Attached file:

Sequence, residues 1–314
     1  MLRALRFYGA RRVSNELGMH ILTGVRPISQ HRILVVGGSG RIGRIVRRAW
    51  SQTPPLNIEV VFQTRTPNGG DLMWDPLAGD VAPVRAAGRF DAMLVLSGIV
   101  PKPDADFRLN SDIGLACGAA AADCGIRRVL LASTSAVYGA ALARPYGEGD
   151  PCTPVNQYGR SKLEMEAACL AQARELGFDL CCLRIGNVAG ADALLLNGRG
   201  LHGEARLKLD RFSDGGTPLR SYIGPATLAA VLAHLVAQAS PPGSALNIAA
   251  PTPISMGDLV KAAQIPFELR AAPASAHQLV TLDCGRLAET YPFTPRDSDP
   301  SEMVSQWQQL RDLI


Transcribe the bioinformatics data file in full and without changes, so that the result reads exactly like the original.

Sequence, residues 1–314
     1  MLRALRFYGA RRVSNELGMH ILTGVRPISQ HRILVVGGSG RIGRIVRRAW
    51  SQTPPLNIEV VFQTRTPNGG DLMWDPLAGD VAPVRAAGRF DAMLVLSGIV
   101  PKPDADFRLN SDIGLACGAA AADCGIRRVL LASTSAVYGA ALARPYGEGD
   151  PCTPVNQYGR SKLEMEAACL AQARELGFDL CCLRIGNVAG ADALLLNGRG
   201  LHGEARLKLD RFSDGGTPLR SYIGPATLAA VLAHLVAQAS PPGSALNIAA
   251  PTPISMGDLV KAAQIPFELR AAPASAHQLV TLDCGRLAET YPFTPRDSDP
   301  SEMVSQWQQL RDLI